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Up in the air: How mines are optimising stockpile surveying

“The use of Unmanned Aerial Vehicles in the mining industry has opened up countless possibilities.  From the massive reduction in time latency for survey information and aerial photos, to the ability to inspect high risk areas remotely, the UAV applications hold massive value.”

– Eric Croese, Director of Partnerships – Mining

Collecting more data, more accurately.

The benefits of using drone photogrammetry and satellite imagery for the exploratory phase of mining are well documented, but what about existing mines? How can they benefit from UAVs, or drones?

Their irregular shapes make stockpiles hard to measure, especially from the ground. Using UAVs, or drones, with high ground sampling distance doesn’t just make the surveying process quicker and more accurate. This method of measuring volumes and managing inventory, and the subsequent data produced, means more accurate stockpile models can be created and the data shared with other areas of the mining operation without typical latency.

Drones reduce time spent on site, the number of people moving around the pit and increase overall productivity by cutting projects down from weeks to mere hours, without disrupting production or sacrificing accuracy. Costs are reduced and ROI is quickly realised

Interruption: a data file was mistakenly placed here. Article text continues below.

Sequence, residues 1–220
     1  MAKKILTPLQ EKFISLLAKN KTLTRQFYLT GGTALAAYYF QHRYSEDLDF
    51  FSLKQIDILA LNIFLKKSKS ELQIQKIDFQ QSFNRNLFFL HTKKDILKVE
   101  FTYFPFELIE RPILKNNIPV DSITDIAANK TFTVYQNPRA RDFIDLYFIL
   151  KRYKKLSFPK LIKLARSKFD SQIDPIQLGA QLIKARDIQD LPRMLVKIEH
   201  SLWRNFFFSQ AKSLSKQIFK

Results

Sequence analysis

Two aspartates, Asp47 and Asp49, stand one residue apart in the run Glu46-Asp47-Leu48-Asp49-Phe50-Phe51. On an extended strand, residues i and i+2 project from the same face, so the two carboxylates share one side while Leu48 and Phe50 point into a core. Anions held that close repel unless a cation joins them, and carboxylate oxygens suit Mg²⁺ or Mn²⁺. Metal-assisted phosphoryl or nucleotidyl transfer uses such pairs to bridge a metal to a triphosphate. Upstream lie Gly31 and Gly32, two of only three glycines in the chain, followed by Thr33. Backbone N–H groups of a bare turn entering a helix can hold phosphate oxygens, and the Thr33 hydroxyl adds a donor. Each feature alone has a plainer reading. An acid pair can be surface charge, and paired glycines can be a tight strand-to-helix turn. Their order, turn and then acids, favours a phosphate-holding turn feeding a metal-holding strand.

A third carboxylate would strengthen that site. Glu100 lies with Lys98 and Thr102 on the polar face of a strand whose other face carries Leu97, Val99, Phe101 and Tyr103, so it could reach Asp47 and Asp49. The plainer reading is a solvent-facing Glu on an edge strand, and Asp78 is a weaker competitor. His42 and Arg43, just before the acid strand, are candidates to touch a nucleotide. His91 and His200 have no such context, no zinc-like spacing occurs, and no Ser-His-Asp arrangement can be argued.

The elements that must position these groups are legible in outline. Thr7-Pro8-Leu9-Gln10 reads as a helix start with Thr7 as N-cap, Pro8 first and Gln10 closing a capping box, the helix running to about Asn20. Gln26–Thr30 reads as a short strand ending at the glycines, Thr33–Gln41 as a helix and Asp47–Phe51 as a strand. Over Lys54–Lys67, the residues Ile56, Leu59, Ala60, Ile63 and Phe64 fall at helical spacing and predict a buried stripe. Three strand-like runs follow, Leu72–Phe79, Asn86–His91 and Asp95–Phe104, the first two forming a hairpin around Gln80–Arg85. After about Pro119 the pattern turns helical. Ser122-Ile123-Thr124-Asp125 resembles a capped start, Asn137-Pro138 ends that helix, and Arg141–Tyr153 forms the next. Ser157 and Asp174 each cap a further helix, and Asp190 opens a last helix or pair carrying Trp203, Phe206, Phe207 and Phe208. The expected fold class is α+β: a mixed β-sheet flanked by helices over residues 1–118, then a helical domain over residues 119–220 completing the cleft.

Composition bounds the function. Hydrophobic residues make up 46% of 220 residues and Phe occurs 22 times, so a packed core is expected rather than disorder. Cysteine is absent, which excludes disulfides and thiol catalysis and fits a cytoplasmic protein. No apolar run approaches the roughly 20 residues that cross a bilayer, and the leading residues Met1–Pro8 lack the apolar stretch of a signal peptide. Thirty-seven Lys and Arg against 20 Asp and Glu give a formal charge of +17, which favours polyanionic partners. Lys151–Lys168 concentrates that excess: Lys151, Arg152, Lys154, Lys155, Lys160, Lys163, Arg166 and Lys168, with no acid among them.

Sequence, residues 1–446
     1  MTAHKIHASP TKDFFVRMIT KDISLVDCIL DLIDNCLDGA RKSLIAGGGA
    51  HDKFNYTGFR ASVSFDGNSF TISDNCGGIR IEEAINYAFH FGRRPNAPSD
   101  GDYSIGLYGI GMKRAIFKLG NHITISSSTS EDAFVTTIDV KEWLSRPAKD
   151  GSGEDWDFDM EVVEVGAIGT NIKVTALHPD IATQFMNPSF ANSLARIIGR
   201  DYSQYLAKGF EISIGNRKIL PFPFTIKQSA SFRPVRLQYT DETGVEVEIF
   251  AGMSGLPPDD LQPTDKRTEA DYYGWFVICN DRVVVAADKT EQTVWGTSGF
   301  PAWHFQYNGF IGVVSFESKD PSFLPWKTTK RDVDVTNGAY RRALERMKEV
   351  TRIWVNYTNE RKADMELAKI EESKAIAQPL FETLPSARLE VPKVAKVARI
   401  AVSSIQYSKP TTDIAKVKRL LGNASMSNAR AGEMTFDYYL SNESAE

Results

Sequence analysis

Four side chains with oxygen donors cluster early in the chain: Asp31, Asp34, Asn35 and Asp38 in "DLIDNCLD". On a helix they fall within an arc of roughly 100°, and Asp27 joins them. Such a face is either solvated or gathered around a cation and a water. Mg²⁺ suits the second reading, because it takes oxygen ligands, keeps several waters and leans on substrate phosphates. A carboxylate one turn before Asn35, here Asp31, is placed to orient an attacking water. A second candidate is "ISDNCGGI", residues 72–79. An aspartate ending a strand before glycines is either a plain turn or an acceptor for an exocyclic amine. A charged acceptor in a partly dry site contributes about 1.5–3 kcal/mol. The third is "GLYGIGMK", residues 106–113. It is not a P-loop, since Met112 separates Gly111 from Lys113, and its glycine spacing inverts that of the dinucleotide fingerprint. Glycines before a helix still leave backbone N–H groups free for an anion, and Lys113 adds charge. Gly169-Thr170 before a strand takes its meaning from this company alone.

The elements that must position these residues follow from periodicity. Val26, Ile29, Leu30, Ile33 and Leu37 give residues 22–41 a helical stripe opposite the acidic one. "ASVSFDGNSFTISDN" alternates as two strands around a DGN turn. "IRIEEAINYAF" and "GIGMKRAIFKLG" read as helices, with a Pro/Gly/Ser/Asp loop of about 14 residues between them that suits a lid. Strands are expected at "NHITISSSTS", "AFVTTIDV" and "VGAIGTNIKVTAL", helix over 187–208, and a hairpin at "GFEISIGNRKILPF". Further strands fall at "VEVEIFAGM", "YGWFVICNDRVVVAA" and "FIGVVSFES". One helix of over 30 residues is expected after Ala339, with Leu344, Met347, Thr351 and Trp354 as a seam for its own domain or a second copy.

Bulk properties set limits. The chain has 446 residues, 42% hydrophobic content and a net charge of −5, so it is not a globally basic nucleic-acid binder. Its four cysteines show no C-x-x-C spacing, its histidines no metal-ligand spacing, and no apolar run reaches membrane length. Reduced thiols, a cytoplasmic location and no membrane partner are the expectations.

In April, bhpbilliton reported savings of AU$5 million a year at their Queensland-based mining operations alone by incorporating military-grade cameras onto drones. That’s just for the capturing of real-time aerial footage and 3D mapping of their sites.

Using DroneDeploy software, Skymedia Northwest were able to cut down surveying of a 30-acre site to just thirty minutes.

While the list of processes that could benefit from the use of drones is lengthy, the exercise, and expense, would be futile if not properly incorporated into a digitisation strategy that includes the creation of an interoperable ecosystem to ensure that all areas of the mine speak to each other, in the same language.

In a mine that has been fully digitised, the feed of information from drones would likely seem like just another data dump to be sorted through. In a mine that has an interconnected data orchestration layer, this information becomes a vital part of the mining operation, working alongside legacy equipment to enable more precise real-time decision making and efficiency, at a much higher level.

Is your mining operation ready to fly into the future?

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